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Queens County Women’s Bar Association leader reflects on her first year at the helm

Queens County Women's Bar Association Fay Parris
Queens County Women’s Bar Association President Fay Parris reflects on her first year of leading the 90-year-old organization. (Courtesy of Queens County Women’s Bar Association)

As she approaches her one-year anniversary at the helm, Queens County Women’s Bar Association President Fay Parris has a message for the members of the organization that was founded in 1931 to advance the status of women in the legal profession and in society.

“Ninety years strong, our organization has engendered community engagement and collaboration to elevate awareness about a plethora of issues, including but not limited to: gender access to justice, civic engagement, reform of the judiciary, immigrants’ rights, health, education, mental wellness and economic empowerment,” Parris wrote. “We are indeed at the precipice of a new era, one that demands awareness of how we need to be safe and not isolated; one that requires commitment to zero tolerance for impunity, racism, bias and hatred in all their respective forms; and one in which every resident of our great borough and beyond is informed, equipped and empowered to collaborate and act for the benefit of all.”

Parris was sworn in as the organization’s leader in June 2021 by Queens Supreme Court Justice Marguerite Grays, a former president of the Queens County Women’s Bar Association.

Parris brought a unique perspective to the position with her experience as an immigration and international civil rights attorney.

“I understand that collaboration for the common good is essential both locally and globally and must be founded on principles enshrined in the Universal Declaration of Human Rights, adopted by the United Nations General Assembly on the 10th of December 1948,” Parris wrote. “Regarded as the International Bill of Rights, the result of a two-year negotiation process during a time where the world was divided between East and West, and translated into 500 languages, the Universal Declaration is the collective affirmation that fundamental human rights should be protected by the rule of law and rests on the ‘inherent dignity’ and ‘the equal and inalienable rights’ of all members of the human family.”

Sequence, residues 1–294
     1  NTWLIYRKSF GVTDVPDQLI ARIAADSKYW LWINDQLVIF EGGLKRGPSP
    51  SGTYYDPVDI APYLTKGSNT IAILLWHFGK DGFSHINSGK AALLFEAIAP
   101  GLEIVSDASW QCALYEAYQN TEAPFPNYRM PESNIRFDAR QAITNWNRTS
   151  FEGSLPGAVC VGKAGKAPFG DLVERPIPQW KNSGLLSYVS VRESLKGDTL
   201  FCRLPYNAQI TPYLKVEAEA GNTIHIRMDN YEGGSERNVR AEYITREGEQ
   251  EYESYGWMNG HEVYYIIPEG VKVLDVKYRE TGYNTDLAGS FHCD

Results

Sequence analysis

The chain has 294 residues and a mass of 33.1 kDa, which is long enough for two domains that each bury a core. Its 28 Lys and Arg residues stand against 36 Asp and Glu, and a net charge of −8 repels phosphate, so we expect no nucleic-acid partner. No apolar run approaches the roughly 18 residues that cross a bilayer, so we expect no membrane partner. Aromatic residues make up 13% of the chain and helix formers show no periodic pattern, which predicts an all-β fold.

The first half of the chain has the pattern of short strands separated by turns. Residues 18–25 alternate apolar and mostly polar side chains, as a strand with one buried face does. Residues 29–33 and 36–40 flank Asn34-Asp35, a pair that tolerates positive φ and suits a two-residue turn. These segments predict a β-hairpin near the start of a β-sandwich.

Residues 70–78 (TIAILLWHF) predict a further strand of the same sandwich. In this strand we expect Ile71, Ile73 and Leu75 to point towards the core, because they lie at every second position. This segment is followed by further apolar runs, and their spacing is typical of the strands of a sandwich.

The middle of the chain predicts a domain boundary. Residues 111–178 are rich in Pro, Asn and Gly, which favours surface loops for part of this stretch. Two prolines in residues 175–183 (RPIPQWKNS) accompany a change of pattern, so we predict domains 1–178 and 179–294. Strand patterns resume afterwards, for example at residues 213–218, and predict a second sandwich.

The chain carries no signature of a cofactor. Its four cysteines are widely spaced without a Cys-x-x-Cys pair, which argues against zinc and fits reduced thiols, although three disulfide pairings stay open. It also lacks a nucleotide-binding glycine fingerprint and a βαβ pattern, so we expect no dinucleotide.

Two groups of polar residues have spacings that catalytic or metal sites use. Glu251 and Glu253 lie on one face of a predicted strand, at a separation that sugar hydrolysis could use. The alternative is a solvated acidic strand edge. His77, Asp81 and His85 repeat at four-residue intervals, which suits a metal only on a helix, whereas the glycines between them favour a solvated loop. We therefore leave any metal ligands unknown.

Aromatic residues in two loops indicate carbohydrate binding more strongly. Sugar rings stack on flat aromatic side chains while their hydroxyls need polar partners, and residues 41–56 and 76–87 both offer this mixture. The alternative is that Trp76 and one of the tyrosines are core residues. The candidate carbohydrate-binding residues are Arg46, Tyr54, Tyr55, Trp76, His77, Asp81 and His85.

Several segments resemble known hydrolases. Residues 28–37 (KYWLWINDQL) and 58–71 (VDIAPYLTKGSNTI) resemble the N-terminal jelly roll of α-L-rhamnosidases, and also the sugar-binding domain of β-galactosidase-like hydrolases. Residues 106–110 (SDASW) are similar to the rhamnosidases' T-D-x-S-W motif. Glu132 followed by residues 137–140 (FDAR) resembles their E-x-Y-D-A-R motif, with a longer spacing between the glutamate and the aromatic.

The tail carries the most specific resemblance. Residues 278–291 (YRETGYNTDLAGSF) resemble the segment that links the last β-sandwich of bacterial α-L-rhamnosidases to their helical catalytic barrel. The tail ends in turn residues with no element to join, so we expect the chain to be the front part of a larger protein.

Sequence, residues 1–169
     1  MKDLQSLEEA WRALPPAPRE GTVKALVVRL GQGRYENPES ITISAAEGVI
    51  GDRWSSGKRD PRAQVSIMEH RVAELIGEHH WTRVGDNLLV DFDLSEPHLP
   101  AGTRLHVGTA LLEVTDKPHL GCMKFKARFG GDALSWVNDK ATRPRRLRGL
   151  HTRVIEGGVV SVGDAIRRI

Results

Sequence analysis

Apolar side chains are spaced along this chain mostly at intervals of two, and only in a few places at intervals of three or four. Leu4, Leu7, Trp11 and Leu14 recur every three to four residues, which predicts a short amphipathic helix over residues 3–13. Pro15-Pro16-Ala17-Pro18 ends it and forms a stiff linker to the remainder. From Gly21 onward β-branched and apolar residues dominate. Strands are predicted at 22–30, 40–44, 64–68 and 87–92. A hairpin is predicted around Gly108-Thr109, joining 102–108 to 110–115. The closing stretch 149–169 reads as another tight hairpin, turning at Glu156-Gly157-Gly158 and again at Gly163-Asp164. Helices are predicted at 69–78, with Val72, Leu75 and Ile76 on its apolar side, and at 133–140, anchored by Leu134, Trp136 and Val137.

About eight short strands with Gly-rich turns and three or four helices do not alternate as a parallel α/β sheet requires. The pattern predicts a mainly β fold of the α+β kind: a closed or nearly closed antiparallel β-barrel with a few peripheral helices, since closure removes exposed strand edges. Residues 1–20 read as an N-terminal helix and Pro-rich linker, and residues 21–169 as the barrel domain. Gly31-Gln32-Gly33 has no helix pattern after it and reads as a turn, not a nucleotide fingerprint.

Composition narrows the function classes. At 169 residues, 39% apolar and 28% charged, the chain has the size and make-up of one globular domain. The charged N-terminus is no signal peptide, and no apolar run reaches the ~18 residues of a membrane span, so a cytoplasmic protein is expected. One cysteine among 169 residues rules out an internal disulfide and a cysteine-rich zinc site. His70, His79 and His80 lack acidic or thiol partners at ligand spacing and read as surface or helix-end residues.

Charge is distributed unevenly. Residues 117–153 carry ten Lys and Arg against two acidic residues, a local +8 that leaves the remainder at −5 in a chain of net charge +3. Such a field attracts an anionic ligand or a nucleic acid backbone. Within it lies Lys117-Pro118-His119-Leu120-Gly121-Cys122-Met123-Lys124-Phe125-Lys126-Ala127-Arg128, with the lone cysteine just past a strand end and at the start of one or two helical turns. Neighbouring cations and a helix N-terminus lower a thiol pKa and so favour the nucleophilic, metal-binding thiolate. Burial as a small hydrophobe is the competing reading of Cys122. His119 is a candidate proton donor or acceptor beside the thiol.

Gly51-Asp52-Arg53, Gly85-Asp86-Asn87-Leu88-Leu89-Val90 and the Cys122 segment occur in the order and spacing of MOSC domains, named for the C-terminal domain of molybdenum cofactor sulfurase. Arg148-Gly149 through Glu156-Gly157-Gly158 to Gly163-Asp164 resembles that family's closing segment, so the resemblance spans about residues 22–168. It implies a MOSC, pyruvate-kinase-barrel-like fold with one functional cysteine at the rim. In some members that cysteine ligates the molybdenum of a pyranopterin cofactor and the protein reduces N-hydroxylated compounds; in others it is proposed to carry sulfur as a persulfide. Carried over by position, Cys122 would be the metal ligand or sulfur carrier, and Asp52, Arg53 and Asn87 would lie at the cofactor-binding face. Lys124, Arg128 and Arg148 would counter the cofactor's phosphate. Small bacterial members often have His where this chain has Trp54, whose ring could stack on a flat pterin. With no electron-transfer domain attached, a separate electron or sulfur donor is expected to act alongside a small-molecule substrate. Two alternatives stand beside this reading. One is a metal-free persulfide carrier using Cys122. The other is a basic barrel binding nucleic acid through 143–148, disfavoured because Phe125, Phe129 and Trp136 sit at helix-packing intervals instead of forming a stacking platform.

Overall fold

The theme of her first year as president was “our collective action for our collective good.” In collaboration with local, national and international stakeholders, QCWBA sought through programming, canvass best practices and core issues such as equal access to justice, reform the judiciary, immigrants’ rights, veterans’ affairs, economic empowerment, prison reform, diversity and inclusion. Elder care, education, mental wellness, protection of vulnerable populations and the elimination of gender-based violence.

“This endeavor resonates with the vastness of our multiculturalism,” she wrote. “Queens, the most ethnically and linguistically diverse community in the world, with 138 languages spoken on our soil, and having a population of 47% immigrants, is indeed a microcosm of the world. Our diversity informs our uniqueness and strength. Yet we do not exist in a vacuum and must strive to educate ourselves about best practices in communities across the globe. We need to see how issues are addressed, leaders are cultivated, communities are empowered, and the universal principles of justice are effectuated across the globe.”

Parris concluded by calling for feedback from QCWBA members on how to achieve a more empowered citizenry.

“In this endeavor, I look forward to hearing from all of you as valued members. I will be reaching out to see how QCWBA may best serve you professionally as well as highlight your initiatives, achievements and stories pertaining to social justice wins,” Parris wrote. “At QCWBA, we are inspired to hear new voices and cultivate future leaders. I trust together we, in our respective capacities, shall exercise the right to be heard and to partake in dynamic collaboration for the common good.”

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